As the nights draw in and the brisk chill hits, as many of us emerge from work, it feels like it’s been evening just all day long. I love the scene of the streets in the evening; smoky and poetically aglow with fog misted street-light. With Christmas decorations and jingly background signatures already making an appearance, it’s starting to feel like a Dickensian Yuletide already. As I walk hurriedly, hugging myself under layers of wool and faux fur, I’m careful not to slip on the glistening paths that will lead me home to the sweet welcome of comfort food.

Comfort foods are gentle, nurturing and soothing. For me they are also foods that throw me back with duvet-soft smiles to good times; to times of being cajoled by my parents to protein-and-carb-up when I was an unwell girl, or times when I had been making beautiful memories whilst on dream-like holidays, cherishing birthday celebrations with family and friends, or those cosy nights in together – just my husband and I. It is times like these, that I want to be cuddled by the warmth of my home and soak up the gentle kisses of one of my all-time favourite comfort foods; Khichdi.

Khichdi is a buttery light blend of soft and smooth lentils and rice. I see Khichdi as one of the kings of traditional home-cooked food and unsurprisingly, it was popular with the great mughals. The magic of Khichdi is widely appreciated across Pakistan, northern India, eastern India and Bangladesh. The dish can also be found simmering away inside the kitchens of many Indian states like Bihar, Jharkhand, Uttar Pradesh, Odisha, Gujarat, Maharashtra, and Bengal (where it is called Bengali: খিচুড়ী khichuri). In Bengali tradition it is customary to cook Kichuri on rainy days.

Hugging a bowl of vegetable khichdi in the comfort of your home and listening to the patters, splashes and roars as the heavens unleash is incredibly soothing as we know, but as someone on a low GI diet I was dismayed to hear that Khichdi is not the way forward. The reason for traditional khichdi being a low GI diet faux-pas is much the same as why mashed potato would be so wrong, and that is that the rice in khichdi is cooked down to a mushy consistency which increases the GI level. When you love a food enough, there is usually a way to enjoy it in a healthier way so I have found a delicious solution using bulgur wheat that will definitely press all the right sensory buttons, perhaps leave you feeling a little virtuous and won’t make you feel sluggish!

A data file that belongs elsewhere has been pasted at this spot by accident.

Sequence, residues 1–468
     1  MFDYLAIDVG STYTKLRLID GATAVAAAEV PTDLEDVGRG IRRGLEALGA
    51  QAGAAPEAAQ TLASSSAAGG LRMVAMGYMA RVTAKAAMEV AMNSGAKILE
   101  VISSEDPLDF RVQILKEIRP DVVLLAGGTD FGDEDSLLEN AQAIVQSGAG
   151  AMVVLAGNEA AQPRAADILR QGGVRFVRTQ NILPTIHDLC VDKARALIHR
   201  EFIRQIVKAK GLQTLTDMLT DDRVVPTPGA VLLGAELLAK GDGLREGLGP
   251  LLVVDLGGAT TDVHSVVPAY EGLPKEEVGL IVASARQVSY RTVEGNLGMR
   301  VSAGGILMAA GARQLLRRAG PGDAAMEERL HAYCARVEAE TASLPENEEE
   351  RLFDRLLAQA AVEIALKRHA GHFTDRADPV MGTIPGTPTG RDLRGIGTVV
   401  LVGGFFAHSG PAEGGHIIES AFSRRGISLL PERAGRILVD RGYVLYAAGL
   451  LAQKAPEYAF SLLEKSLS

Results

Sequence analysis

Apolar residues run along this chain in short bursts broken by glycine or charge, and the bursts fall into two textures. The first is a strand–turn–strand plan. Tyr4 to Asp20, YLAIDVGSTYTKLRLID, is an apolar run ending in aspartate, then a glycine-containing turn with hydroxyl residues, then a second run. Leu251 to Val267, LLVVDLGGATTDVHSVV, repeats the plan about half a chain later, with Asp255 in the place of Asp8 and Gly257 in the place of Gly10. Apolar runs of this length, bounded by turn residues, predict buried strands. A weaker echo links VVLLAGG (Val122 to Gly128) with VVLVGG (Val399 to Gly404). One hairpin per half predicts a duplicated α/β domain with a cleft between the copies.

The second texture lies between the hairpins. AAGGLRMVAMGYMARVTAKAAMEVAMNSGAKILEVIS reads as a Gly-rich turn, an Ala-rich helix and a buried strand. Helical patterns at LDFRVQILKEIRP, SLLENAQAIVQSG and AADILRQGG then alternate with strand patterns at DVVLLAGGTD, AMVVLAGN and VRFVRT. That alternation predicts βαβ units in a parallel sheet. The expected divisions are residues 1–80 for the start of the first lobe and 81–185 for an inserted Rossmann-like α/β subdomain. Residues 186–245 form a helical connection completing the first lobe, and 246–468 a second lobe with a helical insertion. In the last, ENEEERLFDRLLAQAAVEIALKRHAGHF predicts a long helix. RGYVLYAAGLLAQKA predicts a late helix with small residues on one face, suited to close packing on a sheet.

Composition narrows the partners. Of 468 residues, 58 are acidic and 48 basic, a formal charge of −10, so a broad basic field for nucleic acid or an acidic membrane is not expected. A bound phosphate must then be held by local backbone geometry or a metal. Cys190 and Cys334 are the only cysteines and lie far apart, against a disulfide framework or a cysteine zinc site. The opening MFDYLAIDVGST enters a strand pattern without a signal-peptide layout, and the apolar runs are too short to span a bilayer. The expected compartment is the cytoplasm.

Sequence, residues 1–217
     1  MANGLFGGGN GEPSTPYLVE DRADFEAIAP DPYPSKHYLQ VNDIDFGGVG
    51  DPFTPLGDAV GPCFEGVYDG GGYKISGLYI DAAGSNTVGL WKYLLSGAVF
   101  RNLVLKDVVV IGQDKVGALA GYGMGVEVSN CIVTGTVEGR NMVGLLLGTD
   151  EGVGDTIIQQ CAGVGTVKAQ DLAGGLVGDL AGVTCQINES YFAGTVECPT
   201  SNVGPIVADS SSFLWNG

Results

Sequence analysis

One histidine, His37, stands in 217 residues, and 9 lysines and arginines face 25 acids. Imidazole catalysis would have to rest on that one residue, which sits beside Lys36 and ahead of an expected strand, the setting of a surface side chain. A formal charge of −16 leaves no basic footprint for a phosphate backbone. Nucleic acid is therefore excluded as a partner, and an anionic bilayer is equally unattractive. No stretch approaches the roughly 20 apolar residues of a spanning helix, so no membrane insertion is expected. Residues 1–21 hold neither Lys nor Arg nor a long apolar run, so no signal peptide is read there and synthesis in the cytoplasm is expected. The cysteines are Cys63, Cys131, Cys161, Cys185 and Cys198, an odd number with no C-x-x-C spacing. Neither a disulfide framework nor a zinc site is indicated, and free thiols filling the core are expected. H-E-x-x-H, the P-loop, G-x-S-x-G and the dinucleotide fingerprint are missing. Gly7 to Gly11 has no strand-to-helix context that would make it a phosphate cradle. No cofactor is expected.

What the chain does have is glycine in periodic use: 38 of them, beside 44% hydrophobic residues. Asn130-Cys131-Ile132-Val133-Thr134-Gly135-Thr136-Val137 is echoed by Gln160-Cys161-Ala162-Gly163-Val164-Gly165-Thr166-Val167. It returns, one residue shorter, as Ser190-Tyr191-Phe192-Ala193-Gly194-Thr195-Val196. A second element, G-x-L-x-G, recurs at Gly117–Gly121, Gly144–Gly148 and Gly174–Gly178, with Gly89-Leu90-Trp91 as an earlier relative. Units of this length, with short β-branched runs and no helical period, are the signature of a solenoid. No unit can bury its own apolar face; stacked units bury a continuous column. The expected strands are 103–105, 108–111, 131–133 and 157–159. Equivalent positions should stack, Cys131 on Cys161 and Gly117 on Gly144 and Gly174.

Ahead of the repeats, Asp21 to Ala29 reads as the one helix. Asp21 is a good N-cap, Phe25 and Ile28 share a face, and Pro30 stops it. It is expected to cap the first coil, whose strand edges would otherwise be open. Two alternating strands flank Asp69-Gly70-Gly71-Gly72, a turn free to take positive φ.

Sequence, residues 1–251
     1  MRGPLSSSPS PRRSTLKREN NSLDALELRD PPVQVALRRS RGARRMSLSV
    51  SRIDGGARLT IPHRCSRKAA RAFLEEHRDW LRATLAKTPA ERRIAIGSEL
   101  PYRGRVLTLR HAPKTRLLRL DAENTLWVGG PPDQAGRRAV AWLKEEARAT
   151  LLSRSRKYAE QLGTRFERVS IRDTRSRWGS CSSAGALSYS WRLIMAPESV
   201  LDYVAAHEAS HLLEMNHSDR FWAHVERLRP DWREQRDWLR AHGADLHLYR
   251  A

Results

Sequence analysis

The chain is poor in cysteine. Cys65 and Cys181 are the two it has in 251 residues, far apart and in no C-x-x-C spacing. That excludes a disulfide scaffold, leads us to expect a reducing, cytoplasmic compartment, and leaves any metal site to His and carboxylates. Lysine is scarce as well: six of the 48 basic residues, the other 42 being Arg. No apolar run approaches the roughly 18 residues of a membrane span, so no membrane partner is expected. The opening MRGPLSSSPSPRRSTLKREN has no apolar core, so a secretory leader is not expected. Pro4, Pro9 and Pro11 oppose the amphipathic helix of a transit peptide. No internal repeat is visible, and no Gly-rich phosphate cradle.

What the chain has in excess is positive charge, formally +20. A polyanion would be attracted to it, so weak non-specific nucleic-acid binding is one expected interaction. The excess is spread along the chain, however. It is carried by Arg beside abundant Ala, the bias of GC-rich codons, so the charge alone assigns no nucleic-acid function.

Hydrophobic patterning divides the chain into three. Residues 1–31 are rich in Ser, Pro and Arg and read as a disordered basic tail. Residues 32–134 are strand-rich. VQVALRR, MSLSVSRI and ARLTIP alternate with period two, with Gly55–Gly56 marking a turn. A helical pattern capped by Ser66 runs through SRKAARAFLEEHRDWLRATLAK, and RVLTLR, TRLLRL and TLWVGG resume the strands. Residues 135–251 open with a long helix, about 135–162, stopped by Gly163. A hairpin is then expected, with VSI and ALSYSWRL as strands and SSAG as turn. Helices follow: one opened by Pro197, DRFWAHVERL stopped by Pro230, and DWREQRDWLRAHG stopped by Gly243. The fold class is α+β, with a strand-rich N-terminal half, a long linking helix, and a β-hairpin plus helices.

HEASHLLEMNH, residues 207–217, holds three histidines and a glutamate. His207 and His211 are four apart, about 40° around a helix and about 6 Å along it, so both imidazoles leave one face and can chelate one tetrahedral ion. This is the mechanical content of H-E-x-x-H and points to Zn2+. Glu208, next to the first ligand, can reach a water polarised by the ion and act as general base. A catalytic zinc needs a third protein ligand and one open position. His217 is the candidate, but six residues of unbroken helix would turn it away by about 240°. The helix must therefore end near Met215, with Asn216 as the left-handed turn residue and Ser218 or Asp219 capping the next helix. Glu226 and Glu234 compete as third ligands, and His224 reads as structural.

My recipe includes vegetables, so you get a nutritious meal in a bowl. Now, for those of you already familiar with khichdi please don’t let your memories of eating stodgy and bland versions put you off this recipe. My dear friend did that very thing this weekend when I suggested making this dish, which I proclaimed I could eat all day long. ‘No…’ she stressed. ‘I won’t like it; it just doesn’t taste of anything’. I made it regardless as I do love a good challenge, but also I was certain that this recipe, spiked with warming ginger, garlic, whole spices and full of vegetables, could evoke an enchanted sigh from her.

Deena’s No-Rice, Comforting Vegetable Khichdi

Ingredients

300g of split green moong dhal

180g of Bulgur wheat

½ head of a small/medium cauliflower, cut into bite size florets

One small/medium potato, peeled and cubed

A large onion, diced

1/3 cup of green beans

1/3 cup of sweet corn kernels

A handful of green beans, chopped into bite size pieces

2 large and fat cloves of garlic, minced 1 tsp of minced ginger

3 tbsp of rapeseed oil

2-3 green chillies, finely chopped

The spices A pinch of asafoetida, ½ tsp turmeric, 3 cloves, 4-5 curry leaves, salt to taste, 1 tsp cumin seeds, ½ mustard seeds, ½ tsp coriander seeds ¼ tsp black pepper

Method

1. Set the mung dhal to boil for 20-25 minutes. It should turn to a mushy consistency, but not be completely smooth.

2. Soak the bulgur wheat in boiling water, filling the level to just a couple of centimetres above the bulgur wheat

3. In a large and deep bottomed pan, heat the oil and then add the asafoetida, turmeric, curry leaves, cloves, coriander seeds and mustard seeds. Allow the mustard seeds to pop, and then add the chillies and sauté for a minute on a low flame. Stir in the diced onion and sauté until they start to soften. Then add in the minced ginger and garlic and continue to sauté until the onions are transparent.

4. Mix in the cauliflower, potatoes and green beans and then add the salt and black pepper. Allow them to cook for 7-8 minutes, or until the potato is soft enough to pierce through.

5. Gently stir in the mung dhal and the bulgur wheat, with two cups of warm water and simmer on a medium to low flame for a further 7-8 minutes. The khichdi should not become solid, but remain a smooth consistency.  If it starts to turn solid, add more water, until it is smooth in texture.

Go on, Hug a bowl of this delcious stuff.